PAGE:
Let me turn to a dataset from McElreath (2020). The dataset provides state-level data on marriage rates, divorce rates, population demographics, and more.

I am interested in examining the hypothesis depicted in Figure 13.3.

Let me first describe each of the variables in isolation. I do this to get an understanding of each of the variables themselves.

``````waffle_cat %>% # grab the cleaned nes dataset from above
select( # grab the following columns
WaffleHouses_Binary,
Divorce_Cat
) %>%
datasummary_skim(
data = ., # use the dataset linked with the pipe operators
notes = "Data source: Waffles dataset McElreath(2020).", # provide a caption for the table
output = "summary_stats_1.docx" # save the output to this file
)``````

?(caption)

Table 13.1: Simple descriptive statistics
Unique (#) Missing (%) Mean SD Min Median Max
WaffleHouses_Binary 2 0 0.5 0.5 0.0 0.5 1.0
Divorce_Cat 4 0 −0.0 1.4 −2.0 0.0 2.0
Data source: Waffles dataset McElreath(2020). Credit: damoncroberts.com

Now I can look at patterns between these two variables.

``````waffle_cat %>% # use the waffles_cat dataset...
datasummary_crosstab( # ... with the dataset, create a crosstab
WaffleHouses_Cat ~ Divorce_Cat_Labelled, #... and use the two cleaned variables
notes = "Data source: Waffles dataset (McElreath 2020)", # add notes to table
data = ., # and use the dataset connected by the pipe operator
output = "cleaner_bivariate_crosstab.docx" # store the table in this word document
)``````
Table 13.2: Cross tabulation
WaffleHouses_Cat Much lower than average Lower than average Higher than average Much Higher than average All
No N 7 9 7 2 25
% row 28.0 36.0 28.0 8.0 100.0
Yes N 1 8 11 5 25
% row 4.0 32.0 44.0 20.0 100.0
All N 8 17 18 7 50
% row 16.0 34.0 36.0 14.0 100.0
Data source: Waffles dataset (McElreath 2020). Credit: damoncroberts.com
``````waffle_cat %>% # take the waffle_cat dataset
ggplot() + # make a plot object
geom_mosaic( # specifically a mosaic plot
aes( # for the axes
x = product( # on the x axis, plot the combination of the following variables
WaffleHouses_Cat,
Divorce_Cat_Labelled
),
fill = WaffleHouses_Cat # fill it with the Divorce_Cat variable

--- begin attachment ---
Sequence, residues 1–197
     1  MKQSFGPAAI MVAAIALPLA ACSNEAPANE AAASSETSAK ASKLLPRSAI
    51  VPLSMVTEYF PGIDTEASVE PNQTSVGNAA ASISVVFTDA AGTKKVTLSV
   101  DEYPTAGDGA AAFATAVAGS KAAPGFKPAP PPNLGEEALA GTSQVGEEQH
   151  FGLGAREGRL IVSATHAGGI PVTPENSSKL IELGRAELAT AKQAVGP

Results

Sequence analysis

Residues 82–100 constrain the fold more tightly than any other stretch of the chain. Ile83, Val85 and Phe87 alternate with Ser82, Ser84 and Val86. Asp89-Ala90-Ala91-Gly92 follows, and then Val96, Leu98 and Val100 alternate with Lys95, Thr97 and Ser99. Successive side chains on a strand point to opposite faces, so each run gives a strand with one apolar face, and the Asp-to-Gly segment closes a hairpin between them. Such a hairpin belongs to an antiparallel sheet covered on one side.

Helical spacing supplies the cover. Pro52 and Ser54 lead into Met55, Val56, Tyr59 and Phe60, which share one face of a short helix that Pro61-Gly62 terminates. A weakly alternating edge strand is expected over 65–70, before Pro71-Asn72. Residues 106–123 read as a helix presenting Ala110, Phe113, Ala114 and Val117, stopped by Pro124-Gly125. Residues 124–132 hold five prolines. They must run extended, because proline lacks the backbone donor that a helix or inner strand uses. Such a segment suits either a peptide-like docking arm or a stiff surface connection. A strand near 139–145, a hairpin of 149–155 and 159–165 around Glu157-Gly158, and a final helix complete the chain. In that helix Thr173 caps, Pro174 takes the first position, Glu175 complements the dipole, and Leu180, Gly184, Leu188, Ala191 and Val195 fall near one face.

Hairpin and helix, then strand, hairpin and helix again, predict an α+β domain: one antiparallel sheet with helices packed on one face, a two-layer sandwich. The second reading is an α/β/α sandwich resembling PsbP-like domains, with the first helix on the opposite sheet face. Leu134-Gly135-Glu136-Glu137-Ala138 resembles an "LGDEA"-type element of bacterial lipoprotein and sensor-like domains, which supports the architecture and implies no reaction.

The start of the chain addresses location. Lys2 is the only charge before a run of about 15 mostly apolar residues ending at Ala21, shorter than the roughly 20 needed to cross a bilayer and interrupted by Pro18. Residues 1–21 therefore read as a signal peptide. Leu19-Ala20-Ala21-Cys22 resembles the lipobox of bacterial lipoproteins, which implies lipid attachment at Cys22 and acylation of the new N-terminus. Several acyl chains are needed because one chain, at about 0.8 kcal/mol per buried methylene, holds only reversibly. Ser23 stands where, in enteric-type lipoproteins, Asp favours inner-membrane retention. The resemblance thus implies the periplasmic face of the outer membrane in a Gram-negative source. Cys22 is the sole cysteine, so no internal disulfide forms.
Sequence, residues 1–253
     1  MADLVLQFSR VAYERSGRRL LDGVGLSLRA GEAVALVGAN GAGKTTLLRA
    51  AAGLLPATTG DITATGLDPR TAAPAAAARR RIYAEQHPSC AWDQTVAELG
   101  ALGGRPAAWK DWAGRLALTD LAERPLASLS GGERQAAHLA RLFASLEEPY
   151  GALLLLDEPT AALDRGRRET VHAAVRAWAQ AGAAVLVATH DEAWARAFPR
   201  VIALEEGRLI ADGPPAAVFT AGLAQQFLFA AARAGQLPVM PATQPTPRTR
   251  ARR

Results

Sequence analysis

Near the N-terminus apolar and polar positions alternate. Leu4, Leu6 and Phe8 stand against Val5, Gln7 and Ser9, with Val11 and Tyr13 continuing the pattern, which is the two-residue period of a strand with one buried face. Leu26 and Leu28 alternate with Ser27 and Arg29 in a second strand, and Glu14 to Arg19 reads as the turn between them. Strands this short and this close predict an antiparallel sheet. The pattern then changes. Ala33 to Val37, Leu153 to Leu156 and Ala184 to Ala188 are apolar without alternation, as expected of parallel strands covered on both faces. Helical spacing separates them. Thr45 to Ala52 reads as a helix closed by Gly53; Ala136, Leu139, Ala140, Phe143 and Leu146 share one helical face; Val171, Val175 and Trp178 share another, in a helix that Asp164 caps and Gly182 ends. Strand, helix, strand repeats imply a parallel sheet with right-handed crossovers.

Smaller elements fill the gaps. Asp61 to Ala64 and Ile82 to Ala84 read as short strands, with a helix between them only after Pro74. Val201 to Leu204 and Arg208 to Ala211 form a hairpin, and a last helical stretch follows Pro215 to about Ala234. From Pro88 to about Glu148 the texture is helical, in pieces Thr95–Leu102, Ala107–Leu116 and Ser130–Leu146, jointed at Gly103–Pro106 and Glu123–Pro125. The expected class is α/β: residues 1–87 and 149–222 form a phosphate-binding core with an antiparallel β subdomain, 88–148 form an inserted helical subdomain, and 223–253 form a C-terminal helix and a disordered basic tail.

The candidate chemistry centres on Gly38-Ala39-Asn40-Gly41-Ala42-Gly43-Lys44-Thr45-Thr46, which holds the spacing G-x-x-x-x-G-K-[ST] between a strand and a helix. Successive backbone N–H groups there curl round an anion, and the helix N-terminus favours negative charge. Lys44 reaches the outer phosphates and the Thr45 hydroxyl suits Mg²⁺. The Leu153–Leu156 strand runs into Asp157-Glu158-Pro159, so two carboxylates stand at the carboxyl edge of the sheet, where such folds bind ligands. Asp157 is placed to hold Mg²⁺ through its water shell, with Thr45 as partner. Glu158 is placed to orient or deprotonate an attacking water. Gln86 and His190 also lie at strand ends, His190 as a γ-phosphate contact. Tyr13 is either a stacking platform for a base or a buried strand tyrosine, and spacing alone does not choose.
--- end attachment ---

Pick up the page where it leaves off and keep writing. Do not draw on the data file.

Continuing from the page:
),
) +
theme_minimal() + # add this theme
scale_color_brewer(
name = "Waffle House?", # make this the legend title
wes_palette("Moonrise3") # add these color palettes
) +
labs( # adjust the labels to the plot
x = "Divorce Rate", # x-axis label
y = "Waffle House?", # y-axis label
caption = "Data source: Waffles dataset (McElreath 2020)" # caption
)``````

Now let’s say, I dig into the data a little bit more and wonder to myself (as any normal person would): “is this maybe really about waffles?” My new hypothesis is….

I am going to again provide descriptive statistics of each of the variables by themselves. Then I’ll increase the complexity of my analysis a bit more.

``````waffle_cat %>% # grab the cleaned nes dataset from above
select( # grab the following columns
WaffleHouses_Binary,
Age,
Divorce_Cat,
) %>%
datasummary_skim(
data = ., # use the dataset linked with the pipe operators
notes = "Data source: Waffles dataset McElreath(2020).", # provide a caption for the table
output = "summary_stats_2.docx" # save the output to this file
)``````

?(caption)

Table 13.3: Descriptive statistics
Unique (#) Missing (%) Mean SD Min Median Max
WaffleHouses_Binary 2 0 0.5 0.5 0.0 0.5 1.0
Age 4 0 4.5 0.7 3.0 4.0 6.0
Divorce_Cat 4 0 −0.0 1.4 −2.0 0.0 2.0
Data source: Waffles dataset McElreath(2020). Credit: damoncroberts.com

I’ve looked at each of the variables by themselves then have gotten a sense of the patterns between the two primary variables of interest. But now, let me consider what this looks like between varying age ranges.

To do this, I am going to make the same mosaic plot I made above, but am going to make one for each age category

``````waffle_cat %>% # take the waffle_cat dataset
filter(Age_Cat == "22-24") %>% # grab this age subset
ggplot() + # make a plot object
geom_mosaic( # specifically a mosaic plot
aes( # for the axes
x = product( # on the x axis, plot the combination of the following variables
WaffleHouses_Cat,